The CAS institutes have a broad scope of research and adequate facilities. By fostering synergic cooperation between them, we can address the complex issues that arise in the development of space missions. The interest of CAS institutes in the programme in question is substantial also due to space research improving, offering opportunities to further develop knowledge and tech. We are also establishing external cooperation – from universities to governmental agencies to industry players. For instance, we plan to work with the Czech Hydrometeorological Institute on meteorological satellite observations.

On the other hand, what are some disadvantages that can come up with a substantial number of institutions working together like this?

A certain fragmentation of teams. Particularly in follow-up projects, such as contracts with ESA, we have to deal with each contract separately. It would also help to have a joint laboratory where we could all share equipment and staff. But I am certain we will manage to handle all that regardless.


Fungi – New Threats and Opportunities programme
Coordinator: Miroslav Kolařík, Institute of Microbiology of the CAS
Coordinating institute: Institute of Microbiology of the CAS

How does your programme fulfil the Strategy AV21 motto, “Top research in the public interest”?

As part of our programme, we want to look for new natural substances that would be useful for humankind. We are targeting substances that could be used in medicine, agriculture, and food, focusing on improving the quality of life and connecting cutting-edge research teams. We also want to focus on new mycotic diseases.

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What have you set as the main goals you want to achieve in five years?

We will focus on neglected, little-known, and difficult-to-study groups of fungi. As part of our research, we want to look for new natural substances and their potential use for humankind. We will be aided in this endeavour with the latest methods for studying the genome and methods for determining the structure of chemical substances. In addition to the need to find new medicines, we are facing an increasing incidence of new diseases caused by fungi. In conjunction with clinical facilities, we will detect pathogenic microscopic fungi, search for their origins, and propose new diagnostic and therapeutic solutions.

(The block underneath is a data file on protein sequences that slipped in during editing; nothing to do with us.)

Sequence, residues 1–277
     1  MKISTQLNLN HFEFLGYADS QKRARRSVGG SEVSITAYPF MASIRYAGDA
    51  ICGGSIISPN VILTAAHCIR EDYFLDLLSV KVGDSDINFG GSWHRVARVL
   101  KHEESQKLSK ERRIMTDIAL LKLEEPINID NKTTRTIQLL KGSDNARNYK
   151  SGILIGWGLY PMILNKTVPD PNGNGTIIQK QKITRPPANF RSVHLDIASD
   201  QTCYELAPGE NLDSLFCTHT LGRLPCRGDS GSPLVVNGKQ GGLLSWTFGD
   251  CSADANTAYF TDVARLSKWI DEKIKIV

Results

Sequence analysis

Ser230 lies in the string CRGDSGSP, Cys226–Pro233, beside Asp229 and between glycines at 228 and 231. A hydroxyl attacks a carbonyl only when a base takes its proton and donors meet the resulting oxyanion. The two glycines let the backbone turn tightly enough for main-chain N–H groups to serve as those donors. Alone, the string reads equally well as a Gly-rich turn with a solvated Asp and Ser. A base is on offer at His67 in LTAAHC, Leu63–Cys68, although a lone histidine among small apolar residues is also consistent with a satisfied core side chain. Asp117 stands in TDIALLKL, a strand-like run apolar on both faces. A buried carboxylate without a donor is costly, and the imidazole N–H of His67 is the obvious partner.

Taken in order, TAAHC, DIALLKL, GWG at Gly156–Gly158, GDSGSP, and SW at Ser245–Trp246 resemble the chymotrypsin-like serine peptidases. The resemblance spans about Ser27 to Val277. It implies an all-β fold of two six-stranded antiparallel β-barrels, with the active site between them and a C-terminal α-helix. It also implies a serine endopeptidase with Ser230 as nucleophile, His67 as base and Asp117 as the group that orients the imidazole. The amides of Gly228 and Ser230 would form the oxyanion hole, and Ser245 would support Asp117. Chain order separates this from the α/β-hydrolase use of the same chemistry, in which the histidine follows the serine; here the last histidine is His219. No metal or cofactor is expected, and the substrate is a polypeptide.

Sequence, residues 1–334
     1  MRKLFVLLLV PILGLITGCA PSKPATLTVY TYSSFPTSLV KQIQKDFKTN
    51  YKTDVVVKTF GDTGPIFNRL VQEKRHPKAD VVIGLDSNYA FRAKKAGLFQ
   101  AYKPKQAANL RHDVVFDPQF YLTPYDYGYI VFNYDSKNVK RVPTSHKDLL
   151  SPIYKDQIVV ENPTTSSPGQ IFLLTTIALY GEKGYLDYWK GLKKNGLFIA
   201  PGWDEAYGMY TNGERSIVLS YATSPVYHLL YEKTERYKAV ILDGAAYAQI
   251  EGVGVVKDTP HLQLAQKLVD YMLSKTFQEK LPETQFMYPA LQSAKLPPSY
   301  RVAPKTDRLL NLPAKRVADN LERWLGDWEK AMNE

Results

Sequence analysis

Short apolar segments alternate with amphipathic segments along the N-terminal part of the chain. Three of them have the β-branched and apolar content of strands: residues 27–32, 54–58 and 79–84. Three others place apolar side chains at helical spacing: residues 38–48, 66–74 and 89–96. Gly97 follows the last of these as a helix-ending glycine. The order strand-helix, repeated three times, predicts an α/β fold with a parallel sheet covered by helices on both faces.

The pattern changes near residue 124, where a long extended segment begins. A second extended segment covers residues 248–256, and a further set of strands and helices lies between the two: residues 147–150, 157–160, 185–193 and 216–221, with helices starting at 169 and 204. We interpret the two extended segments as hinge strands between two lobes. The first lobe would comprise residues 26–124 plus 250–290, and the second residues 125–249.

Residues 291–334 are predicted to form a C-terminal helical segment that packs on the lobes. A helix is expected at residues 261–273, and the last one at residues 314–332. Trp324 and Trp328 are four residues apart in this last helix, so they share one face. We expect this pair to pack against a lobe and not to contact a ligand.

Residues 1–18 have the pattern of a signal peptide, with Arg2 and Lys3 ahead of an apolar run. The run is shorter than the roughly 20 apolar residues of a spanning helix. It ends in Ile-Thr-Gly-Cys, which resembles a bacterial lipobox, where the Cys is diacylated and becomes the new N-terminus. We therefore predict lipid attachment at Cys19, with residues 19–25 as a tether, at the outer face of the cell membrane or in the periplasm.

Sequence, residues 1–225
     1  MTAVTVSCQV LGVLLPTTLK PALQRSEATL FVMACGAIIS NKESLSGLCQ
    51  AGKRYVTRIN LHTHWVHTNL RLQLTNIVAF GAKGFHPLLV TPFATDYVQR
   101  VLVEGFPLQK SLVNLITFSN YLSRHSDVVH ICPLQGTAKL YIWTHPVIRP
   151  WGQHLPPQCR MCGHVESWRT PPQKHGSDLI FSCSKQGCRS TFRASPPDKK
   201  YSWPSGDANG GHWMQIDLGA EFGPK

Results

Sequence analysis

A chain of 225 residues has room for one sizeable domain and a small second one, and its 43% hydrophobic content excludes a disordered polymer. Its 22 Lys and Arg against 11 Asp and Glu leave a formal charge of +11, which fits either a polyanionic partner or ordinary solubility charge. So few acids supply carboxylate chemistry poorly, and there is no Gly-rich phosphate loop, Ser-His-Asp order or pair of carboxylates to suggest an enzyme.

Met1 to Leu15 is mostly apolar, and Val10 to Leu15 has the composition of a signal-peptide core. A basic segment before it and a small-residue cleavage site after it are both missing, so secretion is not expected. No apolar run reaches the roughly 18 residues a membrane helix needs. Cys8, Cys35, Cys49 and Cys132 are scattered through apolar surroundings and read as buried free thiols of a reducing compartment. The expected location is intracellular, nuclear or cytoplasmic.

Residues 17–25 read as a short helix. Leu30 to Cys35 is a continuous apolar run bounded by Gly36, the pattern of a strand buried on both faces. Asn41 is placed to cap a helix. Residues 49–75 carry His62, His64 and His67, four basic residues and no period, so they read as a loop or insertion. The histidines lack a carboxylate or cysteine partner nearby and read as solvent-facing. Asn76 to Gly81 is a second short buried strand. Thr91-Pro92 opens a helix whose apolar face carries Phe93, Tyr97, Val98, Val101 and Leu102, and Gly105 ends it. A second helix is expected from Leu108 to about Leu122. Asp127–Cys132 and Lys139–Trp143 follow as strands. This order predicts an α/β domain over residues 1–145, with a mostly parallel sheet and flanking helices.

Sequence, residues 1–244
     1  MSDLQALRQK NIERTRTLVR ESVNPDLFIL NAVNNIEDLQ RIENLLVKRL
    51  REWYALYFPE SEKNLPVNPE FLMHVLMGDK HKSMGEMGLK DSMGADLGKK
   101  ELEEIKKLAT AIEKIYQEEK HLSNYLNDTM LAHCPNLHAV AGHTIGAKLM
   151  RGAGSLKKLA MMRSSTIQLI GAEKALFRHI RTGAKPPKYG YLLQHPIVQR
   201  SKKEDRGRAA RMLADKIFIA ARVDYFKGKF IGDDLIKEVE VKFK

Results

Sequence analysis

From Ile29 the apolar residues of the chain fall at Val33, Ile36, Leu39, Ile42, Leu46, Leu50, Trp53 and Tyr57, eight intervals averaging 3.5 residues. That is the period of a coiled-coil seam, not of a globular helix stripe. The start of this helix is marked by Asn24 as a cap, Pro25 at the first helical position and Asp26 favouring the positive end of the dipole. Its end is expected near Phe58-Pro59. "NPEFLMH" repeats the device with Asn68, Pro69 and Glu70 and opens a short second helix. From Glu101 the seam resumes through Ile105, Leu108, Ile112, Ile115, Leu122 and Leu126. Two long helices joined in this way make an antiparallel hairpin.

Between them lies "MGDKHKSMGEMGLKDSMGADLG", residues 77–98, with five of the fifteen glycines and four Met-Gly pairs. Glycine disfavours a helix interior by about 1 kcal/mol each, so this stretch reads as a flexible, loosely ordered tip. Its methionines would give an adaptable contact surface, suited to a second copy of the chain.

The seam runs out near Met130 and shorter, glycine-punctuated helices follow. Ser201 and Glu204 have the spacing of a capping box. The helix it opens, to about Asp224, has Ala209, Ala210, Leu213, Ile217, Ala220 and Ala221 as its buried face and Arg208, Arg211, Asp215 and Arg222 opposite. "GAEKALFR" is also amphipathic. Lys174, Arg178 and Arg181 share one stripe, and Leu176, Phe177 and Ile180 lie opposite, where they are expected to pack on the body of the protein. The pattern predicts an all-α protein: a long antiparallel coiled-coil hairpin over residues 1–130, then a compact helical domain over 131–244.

Do you plan to popularise the topic of fungi and involve the public somehow?

Public awareness of fungi is narrowed down to “big fungi”. Microscopic fungi, i.e., moulds and yeasts, remain neglected, as far as research is concerned. We want to remedy this and popularise the topic of fungi as much as possible. Among other things, we plan to publish the first ever atlas of microscopic fungi. The public will benefit from citizen science, as we plan to involve amateur mycologists and high school students.

How, specifically?

In the Open Science (Otevřená věda) programme we have involved seven students in two projects. Six of them are already working on the “Monitoring of Air Quality in Prague Schools” project. The students will monitor the amount of mould and bacteria found in six high schools in Prague. They will monitor the situation directly in classrooms and the surrounding outdoor environment throughout the entire year. Our aim is to determine the relationship between the amount of microorganisms found in indoor and outdoor spaces, the individual seasons, and other environmental factors such as humidity, the amount of dust particles, and temperature.

The involvement of which other CAS institutes outside our institution would you highlight?

Typical projects involve two to three CAS institutes. Our project brings together eight CAS institutes, which will allow us to develop a full-fledged joint operation supported by five years of funding. The involvement of the Institute of Botany, the Institute of Organic Chemistry and Biochemistry, and the Institute of Molecular Genetics will be key to the project. As far as the commercial sphere is concerned, we will involve companies active in the field of biotechnology, especially those producing natural substances.